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The U.S. is “deeply disturbed” by reports that Chinese courts have sentenced the nephew of blind dissident Chen Guangcheng to more than three years in prison and is urging a review of the case, State Department spokeswoman Victoria Nuland said.
China sentenced Chen Kegui to 39 months in prison yesterday after being convicted of assault for injuring government officials who had stormed into his home in April to search for his uncle, who had fled house arrest and sought sanctuary at the U.S. Embassy in Beijing.
The nephew’s trial “lacked basic due process guarantees” and failed to meet either Chinese or international standards, Nuland told reporters in Washington yesterday. She said that the 33-year-old Chen Kegui wasn’t represented by legal counsel of his own choosing and that Chinese officials warned lawyers who volunteered to represent him that their licenses would be suspended if they did so.
“This was a deeply flawed legal process that convicted him and sentenced him to three years in prison,” Nuland said. “We regret China’s failure to honor its international commitments and we call on them to review this case.”
International human rights groups also expressed strong criticism of the Chinese actions. Amnesty International yesterday called the sentencing “obvious retaliation for his uncle’s escape from house arrest last spring.”
“Prosecuting Chen Guangcheng’s nephew was a test of China’s respect for the rule of law, and both the nephew, Chen Kegui, and the rule of law lost,” Sophie Richardson, China director at Human Rights Watch said on the group’s website. “This case bore the same disturbing hallmarks as Chen Guangcheng’s persecution – incommunicado detention, denial of lawyers of his choice, and a politicized and closed trial.”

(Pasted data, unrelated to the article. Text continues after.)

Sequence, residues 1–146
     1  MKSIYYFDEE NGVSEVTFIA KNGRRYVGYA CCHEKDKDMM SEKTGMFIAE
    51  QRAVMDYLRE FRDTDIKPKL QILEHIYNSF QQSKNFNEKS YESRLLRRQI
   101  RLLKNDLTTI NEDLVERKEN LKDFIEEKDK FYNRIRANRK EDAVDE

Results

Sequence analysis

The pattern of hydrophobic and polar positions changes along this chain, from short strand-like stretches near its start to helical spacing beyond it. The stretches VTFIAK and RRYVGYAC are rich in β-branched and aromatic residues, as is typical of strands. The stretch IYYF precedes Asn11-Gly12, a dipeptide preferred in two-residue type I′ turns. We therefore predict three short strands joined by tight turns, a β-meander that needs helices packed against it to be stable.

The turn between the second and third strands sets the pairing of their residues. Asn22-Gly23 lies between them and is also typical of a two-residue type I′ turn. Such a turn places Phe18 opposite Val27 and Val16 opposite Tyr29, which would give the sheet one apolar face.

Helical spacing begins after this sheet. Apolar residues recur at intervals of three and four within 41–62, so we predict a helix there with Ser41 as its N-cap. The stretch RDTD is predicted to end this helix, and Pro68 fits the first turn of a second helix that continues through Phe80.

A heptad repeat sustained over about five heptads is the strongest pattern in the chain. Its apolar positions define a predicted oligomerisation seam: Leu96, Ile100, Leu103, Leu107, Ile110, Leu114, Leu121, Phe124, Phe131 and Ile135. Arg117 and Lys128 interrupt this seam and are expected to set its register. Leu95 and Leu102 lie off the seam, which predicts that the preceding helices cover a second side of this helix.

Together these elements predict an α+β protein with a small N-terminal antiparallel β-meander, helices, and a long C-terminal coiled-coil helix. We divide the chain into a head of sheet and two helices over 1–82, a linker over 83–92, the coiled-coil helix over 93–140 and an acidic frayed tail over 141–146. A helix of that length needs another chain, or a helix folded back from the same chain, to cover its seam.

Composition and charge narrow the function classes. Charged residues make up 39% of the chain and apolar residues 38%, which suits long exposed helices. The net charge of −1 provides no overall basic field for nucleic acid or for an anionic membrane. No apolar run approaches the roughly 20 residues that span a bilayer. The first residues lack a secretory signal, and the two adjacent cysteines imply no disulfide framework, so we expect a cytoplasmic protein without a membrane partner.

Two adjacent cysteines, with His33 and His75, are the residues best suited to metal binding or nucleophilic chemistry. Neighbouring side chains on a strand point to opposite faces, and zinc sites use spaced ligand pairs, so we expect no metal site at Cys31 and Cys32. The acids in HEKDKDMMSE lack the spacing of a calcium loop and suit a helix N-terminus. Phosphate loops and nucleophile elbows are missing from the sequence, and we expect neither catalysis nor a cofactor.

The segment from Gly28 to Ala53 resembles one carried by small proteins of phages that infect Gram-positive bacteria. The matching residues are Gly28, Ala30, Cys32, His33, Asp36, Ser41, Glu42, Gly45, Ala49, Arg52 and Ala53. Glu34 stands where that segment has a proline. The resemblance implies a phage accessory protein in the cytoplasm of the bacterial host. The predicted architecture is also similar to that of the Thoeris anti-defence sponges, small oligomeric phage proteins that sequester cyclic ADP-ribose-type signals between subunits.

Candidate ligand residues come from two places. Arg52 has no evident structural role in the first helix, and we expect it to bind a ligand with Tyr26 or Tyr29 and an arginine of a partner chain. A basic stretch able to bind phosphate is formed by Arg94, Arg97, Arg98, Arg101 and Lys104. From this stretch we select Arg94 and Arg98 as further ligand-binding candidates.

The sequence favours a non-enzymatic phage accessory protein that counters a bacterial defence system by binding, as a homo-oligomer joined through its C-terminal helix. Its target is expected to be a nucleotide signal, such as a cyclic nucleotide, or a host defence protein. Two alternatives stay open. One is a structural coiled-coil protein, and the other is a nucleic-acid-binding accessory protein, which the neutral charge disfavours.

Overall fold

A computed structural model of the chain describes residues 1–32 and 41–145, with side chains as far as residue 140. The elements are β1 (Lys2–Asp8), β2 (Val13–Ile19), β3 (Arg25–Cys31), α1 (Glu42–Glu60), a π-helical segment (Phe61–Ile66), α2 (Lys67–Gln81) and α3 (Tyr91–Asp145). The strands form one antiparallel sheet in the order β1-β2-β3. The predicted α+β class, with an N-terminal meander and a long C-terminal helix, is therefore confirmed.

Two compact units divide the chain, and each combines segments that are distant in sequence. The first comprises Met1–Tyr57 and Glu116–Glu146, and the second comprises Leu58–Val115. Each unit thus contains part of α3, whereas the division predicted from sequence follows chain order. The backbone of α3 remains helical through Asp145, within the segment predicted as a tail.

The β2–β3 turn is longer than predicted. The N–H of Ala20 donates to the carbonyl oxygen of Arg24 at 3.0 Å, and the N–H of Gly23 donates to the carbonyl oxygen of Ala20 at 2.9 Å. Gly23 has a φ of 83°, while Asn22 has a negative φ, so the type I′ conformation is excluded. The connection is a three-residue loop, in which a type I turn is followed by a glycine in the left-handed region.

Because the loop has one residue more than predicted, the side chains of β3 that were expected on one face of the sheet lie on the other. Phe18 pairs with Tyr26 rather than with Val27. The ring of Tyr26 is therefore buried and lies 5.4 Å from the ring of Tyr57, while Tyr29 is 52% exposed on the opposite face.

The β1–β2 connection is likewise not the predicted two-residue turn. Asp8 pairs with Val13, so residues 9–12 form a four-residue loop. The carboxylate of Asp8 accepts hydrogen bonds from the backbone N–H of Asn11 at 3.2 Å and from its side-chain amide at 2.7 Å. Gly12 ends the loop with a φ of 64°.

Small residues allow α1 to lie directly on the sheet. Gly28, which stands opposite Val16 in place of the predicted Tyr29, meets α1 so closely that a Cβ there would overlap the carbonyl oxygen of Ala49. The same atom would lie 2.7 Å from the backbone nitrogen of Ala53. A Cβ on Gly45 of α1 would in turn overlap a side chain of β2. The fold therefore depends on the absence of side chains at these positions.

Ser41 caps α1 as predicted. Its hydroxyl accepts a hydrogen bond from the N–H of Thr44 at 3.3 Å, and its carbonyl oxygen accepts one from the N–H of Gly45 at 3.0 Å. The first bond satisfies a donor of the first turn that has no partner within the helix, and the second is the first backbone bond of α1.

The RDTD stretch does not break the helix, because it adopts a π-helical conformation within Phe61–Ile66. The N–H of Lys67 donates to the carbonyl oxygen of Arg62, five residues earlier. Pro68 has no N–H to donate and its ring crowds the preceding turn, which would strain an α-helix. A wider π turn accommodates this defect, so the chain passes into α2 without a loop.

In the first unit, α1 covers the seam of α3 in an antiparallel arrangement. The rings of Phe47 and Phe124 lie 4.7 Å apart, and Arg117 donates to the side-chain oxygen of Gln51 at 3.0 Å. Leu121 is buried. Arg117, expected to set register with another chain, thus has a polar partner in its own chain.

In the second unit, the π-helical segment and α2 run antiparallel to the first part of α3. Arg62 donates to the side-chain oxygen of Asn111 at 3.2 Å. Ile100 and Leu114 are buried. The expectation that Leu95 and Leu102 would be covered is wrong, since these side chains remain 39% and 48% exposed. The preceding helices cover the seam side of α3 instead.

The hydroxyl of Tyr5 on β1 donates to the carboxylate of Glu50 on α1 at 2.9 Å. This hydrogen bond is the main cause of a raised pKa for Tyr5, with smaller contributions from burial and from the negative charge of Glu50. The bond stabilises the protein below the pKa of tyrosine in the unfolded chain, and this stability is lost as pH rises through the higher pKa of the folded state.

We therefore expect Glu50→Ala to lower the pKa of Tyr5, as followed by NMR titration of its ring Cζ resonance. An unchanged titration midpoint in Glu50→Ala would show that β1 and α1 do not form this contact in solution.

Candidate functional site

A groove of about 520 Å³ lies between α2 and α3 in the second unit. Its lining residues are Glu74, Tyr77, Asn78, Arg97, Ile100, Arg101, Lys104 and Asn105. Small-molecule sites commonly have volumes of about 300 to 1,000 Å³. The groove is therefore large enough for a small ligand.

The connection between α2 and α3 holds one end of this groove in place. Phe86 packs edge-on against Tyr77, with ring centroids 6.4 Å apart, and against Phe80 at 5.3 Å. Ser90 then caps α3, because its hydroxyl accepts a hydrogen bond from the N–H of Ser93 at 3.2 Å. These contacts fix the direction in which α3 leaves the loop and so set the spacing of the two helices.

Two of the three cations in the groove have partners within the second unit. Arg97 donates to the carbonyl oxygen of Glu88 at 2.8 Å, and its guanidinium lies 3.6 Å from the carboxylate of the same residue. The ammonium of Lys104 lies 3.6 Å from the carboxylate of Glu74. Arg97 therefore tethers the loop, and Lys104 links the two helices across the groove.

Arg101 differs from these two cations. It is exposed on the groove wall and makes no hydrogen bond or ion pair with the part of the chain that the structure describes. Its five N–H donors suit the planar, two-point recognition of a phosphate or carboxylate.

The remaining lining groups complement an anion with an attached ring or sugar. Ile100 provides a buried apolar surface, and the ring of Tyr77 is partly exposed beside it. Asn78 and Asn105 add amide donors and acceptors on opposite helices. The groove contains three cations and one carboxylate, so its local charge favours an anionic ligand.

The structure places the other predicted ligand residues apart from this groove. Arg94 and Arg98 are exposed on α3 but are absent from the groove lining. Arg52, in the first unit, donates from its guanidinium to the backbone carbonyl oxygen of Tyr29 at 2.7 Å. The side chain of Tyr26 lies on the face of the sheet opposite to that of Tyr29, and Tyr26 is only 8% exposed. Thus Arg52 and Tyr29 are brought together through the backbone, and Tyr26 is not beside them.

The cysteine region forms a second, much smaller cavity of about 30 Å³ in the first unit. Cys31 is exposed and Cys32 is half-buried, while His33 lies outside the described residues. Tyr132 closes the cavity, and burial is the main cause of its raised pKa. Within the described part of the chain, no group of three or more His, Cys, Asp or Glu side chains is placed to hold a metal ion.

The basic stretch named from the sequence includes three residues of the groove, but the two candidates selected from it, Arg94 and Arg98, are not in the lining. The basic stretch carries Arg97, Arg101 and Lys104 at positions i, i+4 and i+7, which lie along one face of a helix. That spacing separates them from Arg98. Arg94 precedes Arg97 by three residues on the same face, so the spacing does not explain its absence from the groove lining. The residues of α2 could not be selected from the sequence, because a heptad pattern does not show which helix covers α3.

The case “suggests that the new leadership in Beijing can’t or won’t follow through on commitments to investigate local officials implicated in wrongdoing and egregious human rights abuses,” said Richardson.
The elder Chen clashed with authorities in his native Shandong Province over his campaign against the official family planning policy of forced abortion. The dissident, blind since birth, has expressed concern that his nephew would be made to pay the price for his escape from house arrest and the embarrassment he brought the Chinese government.
Visiting lawmakers on Capitol Hill on Aug. 1, Chen said his nephew’s case “is essentially a continuance of my own case.”
Chen, who now studies law at New York University, and other family members have said the younger Chen was acting in self- defense.
“After I had escaped house arrest, local government officials and their hired thugs broke into his home,” the dissident said in Washington in August. “In order to protect himself and to avoid being beaten to death by those thugs,” the younger man “was compelled to defend himself using a kitchen knife.”
The trial dredges up one of the most difficult moments in Sino-U.S. diplomacy in years, as Chen’s escape to the embassy came shortly before a May visit to Beijing by Secretary of State Hillary Clinton to discuss strategic and economic issues.
Clinton, speaking Nov. 29 in Washington, recalled that “an already delicate trip had become an outsized test of the U.S.- China relationship.” In the end, Clinton said, “the relationship we’ve worked so hard to build with China proved more durable and dynamic than many feared” and they weathered the storm Chen’s escape created.
Chen, along with U.S. officials and lawmakers, has presented the fallout from Chen’s flight to the embassy as a litmus test for the Chinese legal system.
Speaking at the Aug. 1 press conference while flanked by leading House Republicans and Democrats, Chen said that, “if a case as high profile as mine cannot be properly handled in accordance with Chinese law and with international legal norms, how are we able to believe that China will respect human rights and their rule of law?”
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